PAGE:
Himalayan Region Current Affairs - 2020

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India attends IUCN’s 7th Regional Conservation Forum held at Islamabad

International Union for Conservation of Nature organized the 7th Regional Conservation Forum in Islamabad, Pakistan. Secretary of Ministry of Environment, Forest and Climate Change represented India at the forum. More than 500 representatives from different countries, corporate sector and NGOs participated in the forum

Reports from the Forum

  • Rapid melting of Himalayan Glacier to cause food and water shortage to 800 million people in South Asia and South-East Asia including China.
  • 36% Glaciers in the regions of Himalayas and Hindukush are to vanish by 2100.
  • The Himalayan and the Mekong basin are at greater risks. Failing to take timely actions will affect millions of people in the region
  • The Shrinking Glaciers are the biggest challenge to the policy makers. This is because they contribute to the seasonal run off. This is very common in the climatically drier western regions. It increases the risks of outburst floods adding to the expansion of unstable proglacial lakes.
  • The increasing Global Warming is decimating the glaciers of Hindu Kush Himalaya region. In the coming years, it is predicted that if current situation continues, the entire food production base in the region might get vanished.
  • The rate of Global Warming is greater than in any other part of the world
  • 10 inches of ice melted in the Himalayan region between 1975 and 2000. However, this increased twice by 2016. Between 2000 and 2016, the ice melting in the region increased to 20 inches.

Significance

  • The Hindu Kush Himalayan region is the origin of 10 major river basins. IT provides livelihoods to over 240 million people directly and around 1.9 billion people indirectly. Around 3 billion people are dependent on the food produced in the basin.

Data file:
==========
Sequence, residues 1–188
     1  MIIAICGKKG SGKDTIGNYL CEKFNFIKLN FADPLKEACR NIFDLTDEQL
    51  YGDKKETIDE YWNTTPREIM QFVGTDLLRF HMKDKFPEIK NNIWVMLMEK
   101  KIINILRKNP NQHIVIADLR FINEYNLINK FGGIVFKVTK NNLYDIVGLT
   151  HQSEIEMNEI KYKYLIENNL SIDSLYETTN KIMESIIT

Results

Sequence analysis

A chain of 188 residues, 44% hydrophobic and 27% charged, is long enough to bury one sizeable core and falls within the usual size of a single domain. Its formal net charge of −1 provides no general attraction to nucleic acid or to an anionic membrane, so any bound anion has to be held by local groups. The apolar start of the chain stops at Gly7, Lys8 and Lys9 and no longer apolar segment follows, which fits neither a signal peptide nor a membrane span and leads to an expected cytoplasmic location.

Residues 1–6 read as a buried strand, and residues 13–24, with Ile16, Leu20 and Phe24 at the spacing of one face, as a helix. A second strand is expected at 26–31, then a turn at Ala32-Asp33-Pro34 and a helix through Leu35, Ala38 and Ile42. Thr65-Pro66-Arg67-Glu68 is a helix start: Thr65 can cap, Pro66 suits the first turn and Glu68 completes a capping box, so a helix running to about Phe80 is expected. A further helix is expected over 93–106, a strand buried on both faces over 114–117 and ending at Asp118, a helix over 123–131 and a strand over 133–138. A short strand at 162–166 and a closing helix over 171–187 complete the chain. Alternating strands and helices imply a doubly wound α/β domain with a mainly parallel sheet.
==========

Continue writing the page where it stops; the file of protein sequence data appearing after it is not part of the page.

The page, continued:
• The Himalayan Glaciers are considered the third pole of the world mainly because of the sheer volume of the ice they hold.

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Union Territory of Ladakh gets Institute of Himalayan Environment and Development

Union Minister of Environment, Forest and Climate Change Shri Prakash Javadekar approved the proposal of New Regional Centre of the GB Pant Institute of Himalayan Environment and Development at Ladakh.

Objectives

  • To promote alternative and innovative livelihoods for climate change vulnerable cold-desert communities
  • To strengthen and establish the solutions and approaches towards addressing water scarcity.
  • To facilitate conservation of important cold desert habitats and biodiversity
  • To foster climate smart communities in the Himalayan landscape

About the Institute

The GB Pant National Institute of Himalayan Environment and Sustainable Development has its headquarters located at Kosi-Katarmal, Uttarkhand. The regional Centres of the institute are located in

  • Kullu-to cover the Jammu and Kashmir and Himachal Pradesh regions
  • Srinagar-To cover Uttarkhand region
  • Gangtok-To cover Sikkim and West Bengal hills
  • Itanagar-to cover North Eastern Region

The institute caters to environment management, policies for sustainable development of communities and conservation of natural resources in the Indian Himalayan Region.

Significance

The Trans Himalayan landscape lies above 3,000 Mean Sea Level and is characterized by extreme cold climate. It has very sparse vegetation. The annual rainfall in these regions is 9-10 cm with more than 300 sunny days.

The Institute helps in understanding the landscape and its components in a better way. This will aid in developing strategies and implementation plans for addressing the issued of environmental conservation and sustainable development.

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